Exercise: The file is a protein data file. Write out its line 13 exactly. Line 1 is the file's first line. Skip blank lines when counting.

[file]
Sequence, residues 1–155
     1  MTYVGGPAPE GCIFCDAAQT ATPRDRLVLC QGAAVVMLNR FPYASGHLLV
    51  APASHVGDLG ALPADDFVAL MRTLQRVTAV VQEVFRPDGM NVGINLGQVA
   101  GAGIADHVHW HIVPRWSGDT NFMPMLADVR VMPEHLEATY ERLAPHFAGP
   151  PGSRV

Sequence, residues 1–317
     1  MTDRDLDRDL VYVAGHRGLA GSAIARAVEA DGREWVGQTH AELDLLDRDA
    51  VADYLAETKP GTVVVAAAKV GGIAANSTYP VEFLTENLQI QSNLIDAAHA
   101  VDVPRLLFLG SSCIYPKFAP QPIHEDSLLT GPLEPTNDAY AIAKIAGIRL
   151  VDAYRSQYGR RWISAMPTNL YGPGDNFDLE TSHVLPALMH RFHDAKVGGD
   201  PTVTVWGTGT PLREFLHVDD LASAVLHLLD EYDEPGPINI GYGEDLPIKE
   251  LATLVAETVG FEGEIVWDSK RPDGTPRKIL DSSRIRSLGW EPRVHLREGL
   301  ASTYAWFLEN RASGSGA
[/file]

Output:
   301  ASTYAWFLEN RASGSGA